Of all the important days in the Queen’s life, few were more glittering, more sparkling, than Coronation Day in 1953. One of the jewels she wore that day, the Imperial State Crown, will be visible on the Queen’s coffin over the next several days as well.
Sixteen months after the death of her father, King George VI, and her accession to the throne, Queen Elizabeth II was crowned in a glittering ceremony at Westminster Abbey in London. The day, June 2, 1953, was one of the most memorable occasions of the era, with thousands gathered in the Abbey and thousands more thronging the streets of London to catch a glimpse of the royal procession or the family on the balcony of Buckingham Palace.
By tradition, the British monarch is crowned using St. Edward’s Crown, the oldest and heaviest crown in Britain that is still being used today. Like most of the crown jewels, the crown dates to the restoration period. It was made in 1661, based on the design of a medieval crown that bore the same name. That original crown was sold during the interregnum, following the execution of King Charles I, and the new one was made following the restoration of King Charles II. We covered the history of the crown in much more detail in this article.
The Archbishop of Canterbury, Geoffrey Fisher, placed St. Edward’s Crown on Elizabeth’s head during one of the most memorable moments of the coronation ceremony. The crowd shouted “God Save the Queen!” three times as the crown touched the monarch’s head. This was the one and only time that the Queen wore this particular crown. It is only used for coronations, and it is kept at all other times in the Tower of London. During the Queen’s reign, the crown only left the Tower on one other occasion: the 60th anniversary of the coronation in 2013, when it was briefly displayed at Westminster Abbey and filmed for a special television documentary.
At the end of the coronation ceremony, the heavy St. Edward’s Crown is swapped out for the lighter Imperial State Crown. The Queen wore the latter as she departed from the Abbey, and for the official photographs and balcony appearances that followed. The Imperial State Crown was made in 1838 for the coronation of Queen Victoria, based on the design of earlier crowns. While St. Edward’s Crown is the coronation crown, the Imperial State Crown is the “working” crown—the one, for example, worn by the Queen at almost every State Opening of Parliament during her reign. (There were two exceptions to this rule: two monarchs, Victoria and Edward VII, were actually crowned with the Imperial State Crown during their coronation ceremonies. We discuss this in more detail over here.)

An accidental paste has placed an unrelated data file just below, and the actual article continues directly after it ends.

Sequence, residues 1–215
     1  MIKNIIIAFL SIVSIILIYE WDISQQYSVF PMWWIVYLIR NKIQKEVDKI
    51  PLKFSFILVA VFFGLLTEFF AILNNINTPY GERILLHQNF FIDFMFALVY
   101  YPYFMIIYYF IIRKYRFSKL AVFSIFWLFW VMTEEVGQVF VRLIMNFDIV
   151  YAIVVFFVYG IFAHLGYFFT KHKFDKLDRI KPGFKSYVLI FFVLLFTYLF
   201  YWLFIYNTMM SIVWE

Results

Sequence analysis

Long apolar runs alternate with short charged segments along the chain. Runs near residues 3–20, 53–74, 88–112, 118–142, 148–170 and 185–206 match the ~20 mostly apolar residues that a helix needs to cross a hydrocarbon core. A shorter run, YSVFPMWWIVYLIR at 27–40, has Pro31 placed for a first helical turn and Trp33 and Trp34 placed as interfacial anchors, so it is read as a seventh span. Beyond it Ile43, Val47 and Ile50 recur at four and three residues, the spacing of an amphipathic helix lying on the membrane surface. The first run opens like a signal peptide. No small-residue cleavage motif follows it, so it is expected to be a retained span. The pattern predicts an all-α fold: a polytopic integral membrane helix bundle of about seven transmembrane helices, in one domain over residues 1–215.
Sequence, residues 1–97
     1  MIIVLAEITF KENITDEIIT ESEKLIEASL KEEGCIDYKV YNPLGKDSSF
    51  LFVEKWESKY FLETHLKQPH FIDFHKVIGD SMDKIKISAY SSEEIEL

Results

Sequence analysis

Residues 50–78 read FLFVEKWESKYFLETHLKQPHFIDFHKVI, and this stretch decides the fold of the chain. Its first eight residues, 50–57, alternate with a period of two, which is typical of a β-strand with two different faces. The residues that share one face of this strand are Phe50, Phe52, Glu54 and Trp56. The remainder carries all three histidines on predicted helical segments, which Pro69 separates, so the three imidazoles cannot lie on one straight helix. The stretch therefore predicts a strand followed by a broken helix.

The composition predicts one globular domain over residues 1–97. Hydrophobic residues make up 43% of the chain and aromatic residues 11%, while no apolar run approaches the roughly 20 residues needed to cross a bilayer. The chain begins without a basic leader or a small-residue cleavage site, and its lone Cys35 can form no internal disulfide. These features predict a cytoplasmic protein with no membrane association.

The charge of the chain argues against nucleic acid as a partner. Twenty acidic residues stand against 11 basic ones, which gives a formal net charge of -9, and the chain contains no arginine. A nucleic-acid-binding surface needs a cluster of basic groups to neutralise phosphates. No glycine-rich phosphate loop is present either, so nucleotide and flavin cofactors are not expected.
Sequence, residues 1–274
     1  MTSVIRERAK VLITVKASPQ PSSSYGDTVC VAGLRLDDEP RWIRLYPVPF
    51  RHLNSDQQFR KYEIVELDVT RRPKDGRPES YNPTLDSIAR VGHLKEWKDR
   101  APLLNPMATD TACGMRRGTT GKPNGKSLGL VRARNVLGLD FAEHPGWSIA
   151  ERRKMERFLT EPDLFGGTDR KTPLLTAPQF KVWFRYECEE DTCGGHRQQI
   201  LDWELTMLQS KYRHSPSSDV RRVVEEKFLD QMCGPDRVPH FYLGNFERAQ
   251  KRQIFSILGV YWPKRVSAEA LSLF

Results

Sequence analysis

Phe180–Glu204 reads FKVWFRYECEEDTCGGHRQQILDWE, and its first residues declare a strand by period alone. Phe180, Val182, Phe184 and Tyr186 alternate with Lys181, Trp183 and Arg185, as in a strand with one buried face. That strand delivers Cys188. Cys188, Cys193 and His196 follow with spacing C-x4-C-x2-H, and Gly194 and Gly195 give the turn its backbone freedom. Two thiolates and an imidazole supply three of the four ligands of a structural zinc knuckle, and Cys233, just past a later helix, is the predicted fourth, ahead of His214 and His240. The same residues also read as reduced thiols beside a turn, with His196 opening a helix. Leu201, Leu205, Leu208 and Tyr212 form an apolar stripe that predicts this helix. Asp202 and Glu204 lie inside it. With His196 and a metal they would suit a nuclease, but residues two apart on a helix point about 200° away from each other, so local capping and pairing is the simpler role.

Along with the two crowns, Elizabeth II also wore several other pieces of important jewelry during her coronation ceremony. These included the Coronation Necklace and Earrings, made for Queen Victoria in 1858; the Sovereign’s Ring, made for the coronation of King William IV in 1831; and the Coronation Armills, a pair of gold bracelets made in 1953 for the Queen as a gift from several Commonwealth nations.
But the most recognizable piece of crown jewelry associated with the Queen is, undoubtedly, the Imperial State Crown. The nineteenth-century crown is set with several important gemstones. The front of the crown is set with two of the most recognizable: the Black Prince’s Ruby, a 170-carat spinel that is said to have been worn by King Henry V at the Battle of Agincourt, and the Cullinan II Diamond, a 317-carat stone cut from the great Cullinan Diamond.
When the Cullinan II was added to the crown in 1909, another great stone, the Stuart Sapphire, was moved to the back of the piece. The 104-carat blue gemstone is said to be the same gem taken by King James II when he fled the country after the Glorious Revolution in 1688, and which was later reacquired during the reign of King George IV.
Thousands of other gemstones also sparkle from the crown. From the monde (the round orb set on the crown’s arches), four more important jewels are suspended. Though their provenance cannot be confirmed, these four pearls are said to have belonged to Queen Elizabeth I.
For decades, the Queen sparkled in the Imperial State Crown as she delivered her speech from the throne during the State Opening of Parliament in London. Here, she wears the crown during her speech at the event in April 1966. She’s also wearing a Norman Hartnell dress—the same one, in fact, that was later worn by Princess Beatrice on her wedding day.
The images of the Queen wearing the Imperial State Crown are some of the most familiar and iconic of her reign. Here, she wears the crown (plus the Antique Girandole Earrings and the Diamond Festoon Necklace) at the State Opening of Parliament in November 2002.
And here, she wears the crown for the same occasion in May 2010. She wore the crown for the final time in public at the State Opening of Parliament on May 18, 2016. Since then, the crown has been present for the event, but not worn. And this week, we’ll see the Imperial State Crown resting on Her Majesty’s coffin during the lying in state at Westminster Hall, which begins later today.
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